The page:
Second Crusade: Towns and Merchants, 1147

Although Pope Eugenius and Bernard of Clairvaux intended their persuasion to influence kings and counts, many other people heard these arguments and began making drastic changes in their lives, freeing themselves to go and give personal help. But this time, the popular Crusade was well organized and did not end in disaster.

To some extent, that’s because all during this period, the power and self-governing wisdom of towns was constantly growing. Towns began in the early medieval years as land set apart from the usual labor contributions that a baron or count expected. The people living on this chartered plot still owed something, but they could give it in cash, as taxes, not as actual days of the week when they must plow fields or dig ditches. Craftsmen flocked to the new towns and organized guilds, and the guilds elected leaders to create a town council. The council elected a Major as executive, or as it’s come to us in English, a mayor. Every few decades, the towns’ governance grew more detailed and stronger. I speculate that there were important changes between 1095 and 1145, and that this is part of why the popular Crusade now actually worked.

Towns all over Northern Europe, crossing many feudal and national boundaries, agreed on a time and place to meet: the first weeks of May, in Dartmouth, England. There, the regional leaders (guild leaders, landowners, and merchants) made an agreement. Each ship would be viewed as a parish, with a priest and regular church services. For each group of ships, a judge was appointed to settle disputes; they were not to tolerate brawling, since this was a pilgrimage. Important decisions would be made by a council of all the regional leaders. Every participant swore an oath to follow this plan.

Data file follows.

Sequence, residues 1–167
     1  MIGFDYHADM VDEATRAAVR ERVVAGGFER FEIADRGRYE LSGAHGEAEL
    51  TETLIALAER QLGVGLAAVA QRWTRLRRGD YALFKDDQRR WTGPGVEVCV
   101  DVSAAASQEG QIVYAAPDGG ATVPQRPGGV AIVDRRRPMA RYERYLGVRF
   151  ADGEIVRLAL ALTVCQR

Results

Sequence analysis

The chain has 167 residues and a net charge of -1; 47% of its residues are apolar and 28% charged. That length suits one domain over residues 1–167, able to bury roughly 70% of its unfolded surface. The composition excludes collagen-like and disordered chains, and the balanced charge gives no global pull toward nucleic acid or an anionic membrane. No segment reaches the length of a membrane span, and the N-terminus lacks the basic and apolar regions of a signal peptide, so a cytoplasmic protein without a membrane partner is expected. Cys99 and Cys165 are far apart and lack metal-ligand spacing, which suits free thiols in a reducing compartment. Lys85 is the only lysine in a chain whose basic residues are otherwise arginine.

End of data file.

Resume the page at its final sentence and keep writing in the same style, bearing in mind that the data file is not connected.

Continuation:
Also during this 50-year period, they were building larger and deeper-keeled cargo ships in the North Sea. The merchants who helped organize ships for the pilgrims probably chose cogs, which were shorter and more barrel-shaped than the war-ships that we see depicted on the Bayeux Tapestry. It may be that just in the years since Prince Sigurd set out on pilgrimage by ship, the average sea-going vessel had more cargo capacity and less need to stop so frequently.

Because the voyage was planned in such a decentralized way, there’s no master list or record of who went, or why. Most of what we know comes from a history written in Lisbon, Portugal, because the fleet arrived just in time to assist local Christians to complete their reconquest of Lisbon. It wasn’t a big event in English or Flemish history, but it was huge for Lisbon.

A spate of bad Atlantic weather forced the flotilla to slow down and stop. King Alfonso of Leon and Castile sent men to persuade them to help with the siege, instead of passing on. The Pope had recently announced that fighting the Moors in Spain was just as valid as going all the way to the Holy Land. And so the townsmen agreed to anchor their ships and help with the siege. They would be paid with treasure taken from the Moors when the city was captured, with King Alfonso remaining in control of political decisions.

It took four months to bring Lisbon to the point of surrender, and at that point, all or most of the Muslim residents left as refugees to other taifa cities. Some of the pilgrim sailors chose to stay on in Lisbon, rewarded with land or houses. Lisbon’s account suggests that most of them stayed, so it must have been a significant number, who became an important piece of the city’s new Christian identity.

One Mediterranean account suggests that some of them continued to the Holy Land, but we know nothing about how they fared there. Kings usually traveled with chroniclers, but these townsmen and merchants didn’t think of it. Paper technology was still on its way to Europe; after paper was widely available, common people kept records too (which is why we know so much about the Black Death). But in this time, no.

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